The Broom and the Witchstick
23rd February 2019
Needingworth Village Hall
Type of Production
Author: Rob Bristow
Two years after having reviewed Cinderella for Wellworth Players, I am back at Needingworth Village Hall to review The Broom & The Witchstick, an original pantomime written and directed by the wonderful Karen Bays. We received a very warm welcome and were once again introduced to Karen who showed us to our seats in the already packed out hall. The audience, comprising mainly families with young children are buzzing with excitement in anticipation of the afternoon’s performance.
We learn in the prelude from Fairy Floss, played with matriarchal assurance by Abi Pearson, that the action takes place after Snow White and Prince Charming have left the fictional land of Fantasia. The plot centres around the seven ‘Little People’ who were left behind by Snow White, and the evil witch Belladonna who is on the hunt for the broken handle of her magic broomstick. If Belladonna manages to find the missing handle there will be no limit to her power. Fortunately, as with all good pantomimes, the goodies prevail and they live Happily Ever After….
Karen Bays has once again put together a wonderful production. Her experience at the helm of these pantomimes has allowed her to develop a near-perfect formula for mixing family-friendly musical numbers, a well-written plot-driven script to move the action along, interspersed with some groaningly-bad jokes by King Cole, the Queen of Hearts and the Duke of York. Her choice of musical numbers cleverly pulls from traditional musical theatre, including Chitty Chitty Bang Bang, Les Miserables and A Funny Thing Happened On The Way To The Forum mixed with more recent chart hits by George Ezra and Bruno Mars to name a few. I particularly enjoyed Fairy Floss and her new recruits, Twinkle and Blossom’s rendition of Bop To The Top from High School Musical. Neal Dench as Twinkle is clearly a strong singer and also got to show off his vocal skills again in the Act II opening number, a re-worked version of Good Morning Baltimore from Hairspray.
The cast are all in great voice with energy matching the brightly coloured set. The construction team have done a grand job working within the limitations of the venue, it is simple but effective. It is a joy to see many familiar faces from Cinderella and a joy to read in the programme that Karen has written an original script aimed at showcasing the talents of her cast. Instantly recognisable are the comic trio of Georgie Porgie, Polly and Silly Billy played by Chris Thompson, Francesca Mann and Mark Ullyett respectively. These three light up the stage in each of their scenes and they should be commended for their excellent chemistry. I thought the ‘plant-watering’ segments each time the trio entered were a super touch. All three have great presence and also displayed strong singing voices in Count On Me by Bruno Mars.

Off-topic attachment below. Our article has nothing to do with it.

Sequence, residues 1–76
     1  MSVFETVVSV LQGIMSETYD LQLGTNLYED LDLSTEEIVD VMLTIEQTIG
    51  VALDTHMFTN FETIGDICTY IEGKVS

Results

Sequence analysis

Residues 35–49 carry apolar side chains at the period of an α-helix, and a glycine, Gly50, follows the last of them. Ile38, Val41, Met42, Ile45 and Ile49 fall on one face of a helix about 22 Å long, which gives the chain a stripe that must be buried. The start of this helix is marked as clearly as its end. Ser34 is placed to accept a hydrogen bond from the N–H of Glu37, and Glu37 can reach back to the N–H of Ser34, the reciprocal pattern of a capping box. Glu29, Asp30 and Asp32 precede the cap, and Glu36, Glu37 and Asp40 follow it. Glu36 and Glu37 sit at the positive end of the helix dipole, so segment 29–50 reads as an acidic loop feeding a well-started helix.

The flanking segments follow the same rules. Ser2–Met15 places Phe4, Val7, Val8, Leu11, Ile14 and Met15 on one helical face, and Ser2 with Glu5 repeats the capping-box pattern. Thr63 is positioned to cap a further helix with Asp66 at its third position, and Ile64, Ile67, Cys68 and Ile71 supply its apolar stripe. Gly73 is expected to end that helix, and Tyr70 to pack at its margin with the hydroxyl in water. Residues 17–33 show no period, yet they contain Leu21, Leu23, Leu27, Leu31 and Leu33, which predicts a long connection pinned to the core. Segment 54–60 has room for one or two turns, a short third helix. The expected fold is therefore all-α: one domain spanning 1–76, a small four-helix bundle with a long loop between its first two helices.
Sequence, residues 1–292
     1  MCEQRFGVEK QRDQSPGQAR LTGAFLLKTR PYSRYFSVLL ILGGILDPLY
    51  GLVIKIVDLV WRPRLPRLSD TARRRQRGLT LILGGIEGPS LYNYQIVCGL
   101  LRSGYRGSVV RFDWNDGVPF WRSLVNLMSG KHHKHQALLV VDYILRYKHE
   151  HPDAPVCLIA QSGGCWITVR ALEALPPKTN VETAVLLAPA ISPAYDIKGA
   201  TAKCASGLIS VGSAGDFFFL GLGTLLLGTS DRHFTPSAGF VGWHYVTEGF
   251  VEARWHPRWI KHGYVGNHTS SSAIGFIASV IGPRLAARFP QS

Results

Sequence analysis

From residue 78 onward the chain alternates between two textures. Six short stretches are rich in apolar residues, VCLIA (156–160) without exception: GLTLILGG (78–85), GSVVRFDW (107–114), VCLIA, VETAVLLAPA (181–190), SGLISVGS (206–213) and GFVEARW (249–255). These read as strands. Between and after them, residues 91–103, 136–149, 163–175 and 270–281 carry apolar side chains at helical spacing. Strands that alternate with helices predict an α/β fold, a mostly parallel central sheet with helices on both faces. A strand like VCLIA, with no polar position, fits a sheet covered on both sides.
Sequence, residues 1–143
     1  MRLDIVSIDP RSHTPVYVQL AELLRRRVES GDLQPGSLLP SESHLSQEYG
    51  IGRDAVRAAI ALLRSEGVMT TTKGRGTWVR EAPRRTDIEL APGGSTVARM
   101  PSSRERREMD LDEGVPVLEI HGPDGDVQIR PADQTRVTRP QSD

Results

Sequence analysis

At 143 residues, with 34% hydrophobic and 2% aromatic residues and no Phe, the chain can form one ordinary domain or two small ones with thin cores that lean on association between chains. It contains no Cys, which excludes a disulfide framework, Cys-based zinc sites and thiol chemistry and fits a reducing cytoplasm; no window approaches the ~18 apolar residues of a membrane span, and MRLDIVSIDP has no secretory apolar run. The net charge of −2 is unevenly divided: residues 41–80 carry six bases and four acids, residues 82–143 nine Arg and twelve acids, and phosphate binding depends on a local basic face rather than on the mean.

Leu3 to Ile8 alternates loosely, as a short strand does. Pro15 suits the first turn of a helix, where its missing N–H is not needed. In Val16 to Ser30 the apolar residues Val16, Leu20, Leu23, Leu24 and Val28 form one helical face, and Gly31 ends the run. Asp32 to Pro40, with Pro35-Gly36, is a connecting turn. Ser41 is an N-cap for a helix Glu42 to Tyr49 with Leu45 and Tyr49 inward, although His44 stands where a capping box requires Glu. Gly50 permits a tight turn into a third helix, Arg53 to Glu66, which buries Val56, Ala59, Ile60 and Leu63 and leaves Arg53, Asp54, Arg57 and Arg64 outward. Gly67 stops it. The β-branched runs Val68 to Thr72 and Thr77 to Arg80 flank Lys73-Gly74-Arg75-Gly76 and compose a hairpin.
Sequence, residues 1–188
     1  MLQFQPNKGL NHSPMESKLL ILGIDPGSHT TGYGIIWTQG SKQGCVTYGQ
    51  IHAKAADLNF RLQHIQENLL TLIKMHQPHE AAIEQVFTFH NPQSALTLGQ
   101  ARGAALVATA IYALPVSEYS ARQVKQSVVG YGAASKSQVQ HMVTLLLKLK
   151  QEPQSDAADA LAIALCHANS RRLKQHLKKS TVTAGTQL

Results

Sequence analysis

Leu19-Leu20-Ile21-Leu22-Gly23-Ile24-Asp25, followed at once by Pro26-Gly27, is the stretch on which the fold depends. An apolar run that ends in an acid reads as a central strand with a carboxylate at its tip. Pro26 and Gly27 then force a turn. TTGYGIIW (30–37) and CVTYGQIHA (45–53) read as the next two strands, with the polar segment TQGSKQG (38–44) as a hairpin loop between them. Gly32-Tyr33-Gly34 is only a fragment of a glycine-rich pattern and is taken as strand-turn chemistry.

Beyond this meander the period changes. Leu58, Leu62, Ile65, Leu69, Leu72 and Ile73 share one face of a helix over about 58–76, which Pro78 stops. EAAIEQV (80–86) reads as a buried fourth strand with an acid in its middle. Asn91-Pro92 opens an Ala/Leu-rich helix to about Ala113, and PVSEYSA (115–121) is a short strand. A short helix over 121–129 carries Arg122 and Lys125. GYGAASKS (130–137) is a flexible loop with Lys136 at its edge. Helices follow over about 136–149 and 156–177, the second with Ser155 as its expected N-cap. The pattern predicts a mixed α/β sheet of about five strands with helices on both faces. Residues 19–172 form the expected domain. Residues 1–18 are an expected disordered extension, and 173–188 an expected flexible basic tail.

Lizzy Elliott is superbly cast as the “beautiful but deadly” Belladonna, exuding a sinister and camp evil quality. She has excellent presence and projection and ad libs well to the audience’s heckles. Lizzy also demonstrates a strong singing voice in her Act I number ‘Be Prepared’ from The Lion King.
The cast have clearly been well-rehearsed. There is excellent diction and delivery by ever single member of the cast, and the energy and enthusiasm exuded by the company never dipped. As always, the quality of the costumes was top notch. Felicity Leonard, Marie Quick, Karen and Victoria Bays have done a fantastic job. Well done!
Dame Plumptious played by Paul Silver was a treat and added some classic camp comedy to proceedings. His song, I’ll Make A Man Of Any One Of You’ from Oh! What A Lovely War featuring the men of the ensemble was a delight.
The seven ‘Little People’ are all very good, as are the young girls who play the Witches. Of particular note are James Webb and Jago Pearson. I wrote about these two young men in Cinderella two years ago stating how great it was to see young men acting and singing in local productions with such character and conviction. I am very pleased to see they’re continuing with Wellworth Players. Karen Bays has done an excellent job featuring everyone in the show and the collaboration between the adults and youngsters of the company is seamless and splendid….the kids were definitely better at Flossing than the adults though!
My absolute favourite part of the pantomime was an inspired version of This Is The House That Jack Built featuring the comic trio talents of Georgie Porgie, Polly and Silly Billy and three boxes – Genius! Bravo!
The real strength of a society like Wellworth Players is the sense of community it has. There was clearly a lot of love and support coming from the families and friends of the cast within the audience, but it was also plain to see within the company that everyone onstage is having a ball and supporting one another. Flicking through the programme it is wonderful to see how much of a family affair these productions are, the Bays, Dench and Ullyett surnames all feature heavily in props, set construction and wardrobe etc. It really is testament of the passion and commitment of a few people that make these shows such first-rate productions and a joy to watch.
I can genuinely find very little to criticise with this show, however it did seem to reach a natural conclusion after Make Your Own Kind Of Music, so adding the Alternative 12 Days Of Christmas at the end of February was possibly unnecessary and by that time the children around me seemed to be getting fidgety. Honestly though, this was a wonderful pantomime, it is clear to see how much fun the company are having onstage and this filters through to the audience. The show represents exceptional value for money, the Wellworth Players are ‘well-worth’ the cost of the ticket. Long may they continue!